Nearly one year ago, I wrote a blog post titled Law School Management 101 (or how to deal with your school’s looming fiscal crisis). In it I reminisced how, by the time I graduated in 1999, law school tuition had risen from about $13,000 per year to nearly $20,000 per year. Sitting there in my cap and gown with tuition payments behind me, I then wondered, “who would want to go to law school at these prices?” In that post I conceded that my price-sensitive way of thinking back then was at least ten years premature. Why? Because between then and now, tuition continued to rise (eventually into the $40,000-plus range at many private schools), yet the number of applicants rose right along with it. In other words, applicants were willing to pay those prices and a whole lot more. But as it turns out, I may not have been ten years ahead of my time after all. Today, the market for legal education has corrected, and some schools are now lowering tuition back to 1999 levels.
Several name-brand, highly-ranked schools have cut tuition, including
and Arizona Cincinnati. But the big mover is Seton Hall, which just cut sticker price from nearly $50,000 per year to $22,300 per year. (Seton Hall factoids: They are a member of
the new Big East, they are the former home of the greatest mind and voice in college basketball, and their law review published my article on prosecutorial misconduct.)
Kudos to The Hall (although I suspect some of their recent grads could be angry that they paid more than double the new sticker price). This new $22k price tag brings things back in line with 1999 tuition levels. And when a school lowers its annual tuition revenue—an inevitability for many schools—“it also has to cut operating costs (its expenses).” Seton Hall has done that with a ten percent pay cut for all faculty, and looming termination of non-tenured faculty members. (For more cost-cutting tips, Seton Hall, see my earlier post.) Other law schools are also cutting costs due to declining enrollments.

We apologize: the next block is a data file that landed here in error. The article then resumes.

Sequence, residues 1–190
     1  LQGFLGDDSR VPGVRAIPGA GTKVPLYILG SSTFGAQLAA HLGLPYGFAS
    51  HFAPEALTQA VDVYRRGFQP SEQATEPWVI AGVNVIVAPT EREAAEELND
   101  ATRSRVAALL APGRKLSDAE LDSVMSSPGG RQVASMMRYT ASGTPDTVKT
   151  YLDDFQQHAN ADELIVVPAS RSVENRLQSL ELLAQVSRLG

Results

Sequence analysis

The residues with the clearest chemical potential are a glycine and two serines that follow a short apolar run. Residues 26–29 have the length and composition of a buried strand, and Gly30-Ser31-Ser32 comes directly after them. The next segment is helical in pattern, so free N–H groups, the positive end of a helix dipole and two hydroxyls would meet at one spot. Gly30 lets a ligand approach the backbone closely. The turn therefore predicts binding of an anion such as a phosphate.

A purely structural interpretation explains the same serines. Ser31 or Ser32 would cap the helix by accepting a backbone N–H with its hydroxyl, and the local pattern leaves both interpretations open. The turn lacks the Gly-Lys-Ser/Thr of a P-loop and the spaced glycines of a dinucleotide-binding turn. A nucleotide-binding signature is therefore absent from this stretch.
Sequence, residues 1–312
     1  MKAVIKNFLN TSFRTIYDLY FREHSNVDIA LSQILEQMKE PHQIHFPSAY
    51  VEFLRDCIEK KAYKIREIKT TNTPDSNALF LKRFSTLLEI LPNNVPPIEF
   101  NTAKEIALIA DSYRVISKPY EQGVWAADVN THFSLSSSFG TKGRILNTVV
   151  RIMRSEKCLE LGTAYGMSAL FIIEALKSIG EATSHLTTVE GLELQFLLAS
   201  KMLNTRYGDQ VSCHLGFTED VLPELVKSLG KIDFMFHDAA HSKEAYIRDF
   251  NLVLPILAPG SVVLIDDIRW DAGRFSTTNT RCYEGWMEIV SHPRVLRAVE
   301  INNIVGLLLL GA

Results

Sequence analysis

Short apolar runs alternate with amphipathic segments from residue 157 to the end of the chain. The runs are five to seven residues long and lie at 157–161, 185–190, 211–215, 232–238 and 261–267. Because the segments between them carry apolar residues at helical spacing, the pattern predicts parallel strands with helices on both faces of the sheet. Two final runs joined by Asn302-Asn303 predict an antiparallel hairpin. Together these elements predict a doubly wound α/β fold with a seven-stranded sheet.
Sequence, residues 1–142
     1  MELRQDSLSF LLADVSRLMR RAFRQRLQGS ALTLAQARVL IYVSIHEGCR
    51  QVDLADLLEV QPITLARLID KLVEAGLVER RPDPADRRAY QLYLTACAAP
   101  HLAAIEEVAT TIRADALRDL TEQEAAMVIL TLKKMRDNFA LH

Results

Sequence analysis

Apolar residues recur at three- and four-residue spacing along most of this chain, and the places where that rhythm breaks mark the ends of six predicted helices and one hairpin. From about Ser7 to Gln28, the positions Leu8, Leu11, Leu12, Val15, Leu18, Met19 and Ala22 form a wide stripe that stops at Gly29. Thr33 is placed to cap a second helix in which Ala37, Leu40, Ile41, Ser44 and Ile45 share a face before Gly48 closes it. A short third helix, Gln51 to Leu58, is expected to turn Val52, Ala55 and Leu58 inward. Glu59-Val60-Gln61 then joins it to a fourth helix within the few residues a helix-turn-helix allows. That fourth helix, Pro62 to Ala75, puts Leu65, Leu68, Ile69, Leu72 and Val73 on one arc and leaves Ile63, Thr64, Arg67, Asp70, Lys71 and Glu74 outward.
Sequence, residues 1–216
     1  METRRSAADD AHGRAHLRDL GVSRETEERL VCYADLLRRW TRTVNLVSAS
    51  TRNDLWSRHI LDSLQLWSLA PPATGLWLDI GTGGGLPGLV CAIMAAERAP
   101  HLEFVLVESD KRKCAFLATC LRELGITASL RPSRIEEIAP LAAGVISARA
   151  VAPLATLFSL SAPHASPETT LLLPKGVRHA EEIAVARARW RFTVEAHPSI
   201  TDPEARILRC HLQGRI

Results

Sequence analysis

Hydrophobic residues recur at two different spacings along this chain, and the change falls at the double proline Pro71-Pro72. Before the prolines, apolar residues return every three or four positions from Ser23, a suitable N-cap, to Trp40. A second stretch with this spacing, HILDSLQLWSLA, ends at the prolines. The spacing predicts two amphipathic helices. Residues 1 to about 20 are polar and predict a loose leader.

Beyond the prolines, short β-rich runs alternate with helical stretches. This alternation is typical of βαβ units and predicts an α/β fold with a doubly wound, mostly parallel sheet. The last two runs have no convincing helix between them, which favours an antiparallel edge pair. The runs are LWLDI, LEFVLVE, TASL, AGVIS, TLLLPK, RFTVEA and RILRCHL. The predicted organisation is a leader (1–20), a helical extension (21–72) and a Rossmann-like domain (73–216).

Mass unemployment and falling wages (for those lucky enough to get law jobs in the first place) have already hit new grads and practicing lawyers hard. Now it all seems to be working its way upward to the law profs in “the academy.” I suspect that all of this must be unfathomable to those law profs that have collected annual salaries and bonuses in the several hundred thousand dollar range, essentially for teaching one to two classes per semester and writing one law review article per year. (For those who don't know, even two law review articles per year could be written as a weekend hobby.)
But this could be the new, permanent reality. Students are no longer willing (at least not to the same extent) to fund professorial lavishness by going deep into debt via student loans. And if the students do eventually come back in pre-law school recession numbers, they'll be paying a helluva lot less than they were before.
Hopefully these high-end profs have saved some of their former, NBA-like salaries for the coming rainy days in legal academia.